Tag Archives: feed-in tariff

Ontario solar installations to surpass 600 MW in 2012: iSuppi

Ontario’s solar market is boomin’ baby.

California-based market research firm iSuppli came out with a report today that forecasts rapid growth of solar PV installations in Ontario, though warns of a bottleneck in production during the first half of 2011 as developers struggle to meet stricter local content requirements. In 2009 Ontari0 had 69 MW of installed PV, but iSuppli said that will grow by 272.5 per cent to 257 MW in 2010. Stricter rules requiring 60 per cent local content will kick in next year, however, and that will create a supply crunch that slows down growth until the last quarter of 2011 when local manufacturing catches up with demand. As a result, we’ll see growth of 75.5 per cent in 2011 as installations climb to 451 MW. In 2012 we’ll see that number climb past 600 MW.

Mike Sheppard, a PV analyst with iSuppli and author of the report, says companies that have set up local manufacturing in Ontario will benefit the most during the 2011 crunch. According to an iSuppli press brief, “Firms like Canadian Solar, SMA, Fronius and Silfab are stepping in to meet the demand for local solar components, building module and inverter manufacturing facilities in Ontario.”

Sheppard acknowledged that Ontario’s decision to shut down all coal plants by 2014 and its introduction of a Green Energy Act and feed-in-tariff program are driving the explosive growth in PV. He called Ontario’s FIT program “North America’s first comprehensive guaranteed pricing structure for electricity production from renewable fuels sources including solar PV, bio-energy waterpower and wind.” The program, according to iSuppli, “could have a major influence throughout North America.”

This is a positive evaluation, but I don’t think it’s as positive as it could be. As I outlined earlier, module manufacturers alone are setting up local production facilities with a combined annual capacity of more than 1,000 MW. Not all will be built, but iSuppli seems to think that actual installations will be limited to between 150 and 200 MW a year. If that ends up the case, we could end up having some major oversupply issues in Ontario by the end of 2011. But given the huge volume of FIT applications being received by the Ontario Power Authority and amounting to potentially several thousand megawatts, I’m wondering if iSuppli is low-balling its forecast.

Ontario goverment, power authority try to make good on controversial tariff reduction proposed for ground-mount PV solar projects

The Ontario government and its energy planner, the Ontario Power Authority, sparked a big firestorm after announcing last month that they wanted to reduce the feed-in-tariff rate for small ground-mount solar PV projects to 58.8 cents per kilowatt-hour from a very rich 80.2 cents. The move caught many off-guard, and while there was a lot of grunting about the reduced rate, most were unhappy with the sudden and arbitrary nature of the announcement, which undermined the business plans of many companies that were participating in the program in good faith. Bottom line: it undermined confidence in the entire program, even though from a megawatts perspective it only dealt with a tiny portion of green power.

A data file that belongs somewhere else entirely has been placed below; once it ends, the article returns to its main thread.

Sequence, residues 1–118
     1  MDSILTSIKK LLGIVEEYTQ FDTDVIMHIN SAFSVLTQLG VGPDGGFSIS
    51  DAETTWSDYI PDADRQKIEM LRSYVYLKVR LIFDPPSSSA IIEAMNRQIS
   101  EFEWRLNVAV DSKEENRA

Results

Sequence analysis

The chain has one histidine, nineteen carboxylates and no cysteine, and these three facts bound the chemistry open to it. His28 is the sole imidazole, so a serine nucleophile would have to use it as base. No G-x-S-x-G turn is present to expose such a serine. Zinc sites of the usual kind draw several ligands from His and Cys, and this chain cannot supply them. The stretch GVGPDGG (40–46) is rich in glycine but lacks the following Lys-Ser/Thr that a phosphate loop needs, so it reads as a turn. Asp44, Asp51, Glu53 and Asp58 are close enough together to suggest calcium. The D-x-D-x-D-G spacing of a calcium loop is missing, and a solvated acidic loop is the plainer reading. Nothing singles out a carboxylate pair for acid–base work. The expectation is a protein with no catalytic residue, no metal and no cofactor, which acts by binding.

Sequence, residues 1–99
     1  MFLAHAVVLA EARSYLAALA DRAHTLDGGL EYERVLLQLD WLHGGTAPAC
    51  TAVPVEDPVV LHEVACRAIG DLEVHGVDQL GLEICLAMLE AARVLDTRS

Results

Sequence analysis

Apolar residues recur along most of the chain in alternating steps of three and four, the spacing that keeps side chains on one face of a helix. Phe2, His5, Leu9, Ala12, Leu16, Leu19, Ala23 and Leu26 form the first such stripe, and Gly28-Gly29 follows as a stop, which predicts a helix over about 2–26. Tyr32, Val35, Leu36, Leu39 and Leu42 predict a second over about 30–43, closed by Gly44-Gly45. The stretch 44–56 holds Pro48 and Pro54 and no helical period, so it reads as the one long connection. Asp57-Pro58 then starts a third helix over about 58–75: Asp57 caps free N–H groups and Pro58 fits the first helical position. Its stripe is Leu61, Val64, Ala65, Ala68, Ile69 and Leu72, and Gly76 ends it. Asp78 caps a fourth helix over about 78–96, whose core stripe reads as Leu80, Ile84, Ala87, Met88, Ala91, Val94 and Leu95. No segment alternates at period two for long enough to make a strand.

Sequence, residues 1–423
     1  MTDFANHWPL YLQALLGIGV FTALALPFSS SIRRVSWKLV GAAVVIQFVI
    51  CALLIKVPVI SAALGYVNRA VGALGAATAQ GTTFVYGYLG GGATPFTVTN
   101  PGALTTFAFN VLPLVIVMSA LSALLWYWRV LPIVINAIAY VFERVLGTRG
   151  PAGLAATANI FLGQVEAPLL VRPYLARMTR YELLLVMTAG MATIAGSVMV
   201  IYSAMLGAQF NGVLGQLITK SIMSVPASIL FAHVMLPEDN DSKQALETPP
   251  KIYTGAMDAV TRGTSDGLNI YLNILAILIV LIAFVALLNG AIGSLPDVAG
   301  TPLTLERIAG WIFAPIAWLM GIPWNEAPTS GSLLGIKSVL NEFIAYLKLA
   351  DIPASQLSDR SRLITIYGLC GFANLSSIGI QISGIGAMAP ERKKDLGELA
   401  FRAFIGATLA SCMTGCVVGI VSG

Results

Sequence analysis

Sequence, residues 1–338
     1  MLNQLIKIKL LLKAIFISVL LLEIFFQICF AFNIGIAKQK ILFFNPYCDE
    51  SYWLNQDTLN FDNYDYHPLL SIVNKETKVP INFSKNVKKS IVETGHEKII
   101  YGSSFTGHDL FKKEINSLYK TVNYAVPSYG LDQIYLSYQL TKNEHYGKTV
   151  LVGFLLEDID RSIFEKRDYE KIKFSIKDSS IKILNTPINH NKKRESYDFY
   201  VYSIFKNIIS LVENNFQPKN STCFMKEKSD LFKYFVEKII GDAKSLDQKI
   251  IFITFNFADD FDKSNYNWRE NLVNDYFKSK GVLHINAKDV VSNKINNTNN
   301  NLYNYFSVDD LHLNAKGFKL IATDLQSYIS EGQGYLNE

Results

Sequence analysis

After a brief consultation period it seems the government and Ontario Power Authority took the industry’s complaints to heart, even though my own sources told me just recently that the government was being pig-headed and planned to stick with its proposal. In the end, they caved in to pressure — a very smart face-saving move, I might add. The price reduction will still take place, but it will be reduced to 64.2 cents, not 58.8 cents, and it won’t apply to anyone who applied to the program before July 2, 2010, meaning the OPA plans to honour the original 80.2 cents for those who meet that cutoff. This decision is a big gesture, because the plan under the original proposal was to only honour the 80.2 cents for those minority of projects that had already received a contract or conditional offer. That means the more than 10,000 applications that were going to be tossed out (with project proponents forced to reapply under the new rate) will now be honoured at the 80.2 cent rate so long as they applied before July 2.

There’s a small catch, however. Commercial aggregators will no longer be allowed to participate in the microFIT program, but will still be able to participate in the larger FIT (10 kilowatts and up) program. The government didn’t like the idea of aggregators merely leasing rooftops and then building and owning the systems, saying it defied the spirit of the program, which was to get households, farmers, communities, First Nations, etc… to participate directly on their own. I have to say, I *completely* agree with them there.

The OPA also announced it will be establishing a new advisory panel that will provide advice on program evolution, including the two-year FIT review process. The advisory panel will be made up of industry, academic and other stakeholders. I should point out that an attempt will be made to accommodate commercial aggregators of smaller projects, but it will be done outside of the microFIT program using a different set of rules to be established partly by the new advisory panel.

“The OPA has received almost 19,000 microFIT applications since the program was launched less than a year ago. More than 6,100 conditional offers have been sent to applicants and almost 800 microFIT projects are now feeding clean energy into Ontario’s grid,” according to the agency’s release today. “The OPA is working to respond quickly to microFIT applicants. Most ground-mounted applications that have been submitted will be processed by the end of September.”

Kudos to the government and OPA for putting meaning back into the word “consultation.” Showing a willingness to listen and change direction restores confidence in the process and the program, and the fact an advisory body has been set up to avoid future surprises can only help.